Case update: On September 7, 2023, the Michigan Court of Appeals ruled that the State of Michigan is not immune from prosecution for the May 2020 failure of the Edenville, Secord, and Sandford dams. This crucial victory means that FeganScott can continue its fight to hold the State responsible for the dam disaster. FeganScott will now begin the discovery process of seeking documents and testimony to support its case.
FeganScott filed a national class-action suit on behalf of a group of residents and business owners against the operators of the Edenville, Sanford and Secord Dams and three Michigan state agencies for what is described as a cataclysmic set of decisions that led to the breach of the Sanford and Secord dams and the collapse of the Edenville dam in May 2020, causing homes and businesses to be destroyed.
The suit claimed dam owner Boyce Hydro, along with the Michigan Department of Environment, Great Lakes Energy and the Michigan Department of Natural Resources, failed to operate, fix, or repair the dams in accordance with the established standard of care, resulting in catastrophic injury and damage to residents and their properties.
In July 2020, the dam owners, Boyce Hydro Power, LLC and Boyce Hydro, LLC filed for Chapter 11 Bankruptcy. As a result, all pending litigation against the dam owners is stayed.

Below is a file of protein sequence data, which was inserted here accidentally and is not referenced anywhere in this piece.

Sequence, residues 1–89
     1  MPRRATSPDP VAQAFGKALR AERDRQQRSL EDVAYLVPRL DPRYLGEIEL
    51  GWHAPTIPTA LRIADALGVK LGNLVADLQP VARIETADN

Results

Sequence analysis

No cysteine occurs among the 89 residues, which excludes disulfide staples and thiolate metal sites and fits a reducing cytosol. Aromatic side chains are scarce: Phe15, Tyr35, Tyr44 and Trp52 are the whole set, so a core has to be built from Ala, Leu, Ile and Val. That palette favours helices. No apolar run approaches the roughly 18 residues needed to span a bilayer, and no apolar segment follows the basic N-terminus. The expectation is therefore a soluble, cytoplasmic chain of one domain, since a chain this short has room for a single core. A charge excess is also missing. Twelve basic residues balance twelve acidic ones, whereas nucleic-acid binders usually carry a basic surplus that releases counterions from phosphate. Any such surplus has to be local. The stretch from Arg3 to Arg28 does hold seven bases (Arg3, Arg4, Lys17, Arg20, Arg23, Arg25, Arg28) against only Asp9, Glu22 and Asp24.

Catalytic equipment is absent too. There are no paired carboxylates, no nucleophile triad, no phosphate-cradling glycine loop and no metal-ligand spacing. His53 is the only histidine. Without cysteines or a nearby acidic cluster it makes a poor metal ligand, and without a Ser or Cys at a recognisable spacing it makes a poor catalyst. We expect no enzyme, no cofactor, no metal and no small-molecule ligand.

The Boyce entities set aside a fund to pay claims on behalf of home and landowners injured by the dam failures, and for the costs of administering the fund. Currently, the Liquidating Trustee, overseen by the bankruptcy court, is working to establish a process by which claims are evaluated and compensated.
State of Michigan Litigation
FeganScott also filed a separate case against the Michigan Department of Environment, Great Lakes Energy and the Michigan Department of Natural Resources in the Court of Claims on August 11, 2020.
Noted in published accounts, the dams’ breach began on May 18 as flood water rose after recent rainfall, forcing thousands of people to evacuate. The lawsuit alleges that the state departments are at fault for the dams’ failure, having ignored warnings from federal regulators and neglected blatant, high-risk issues.
According to the complaint, the Federal Energy Regulatory Commission (FERC) repeatedly warned the operators of the dangers of the 95-year old Edenville Dam, including the risk of catastrophic erosion.
In 2018, the Edenville Dam operator’s license was revoked for failure to address safety issues, putting the dams under the oversight of the state departments.
Since the case was filed, the state has argued that it should be immune from the suit. On May 21, 2021, the Court of Claims held that the state of Michigan was not immune from prosecution. On September 7, 2023, the Michigan Court of Appeals ruled that the state is not immune from prosecution in this matter.
Residents and business owners who are interested in learning more about this class-action suit are urged to send their contact information to firstname.lastname@example.org.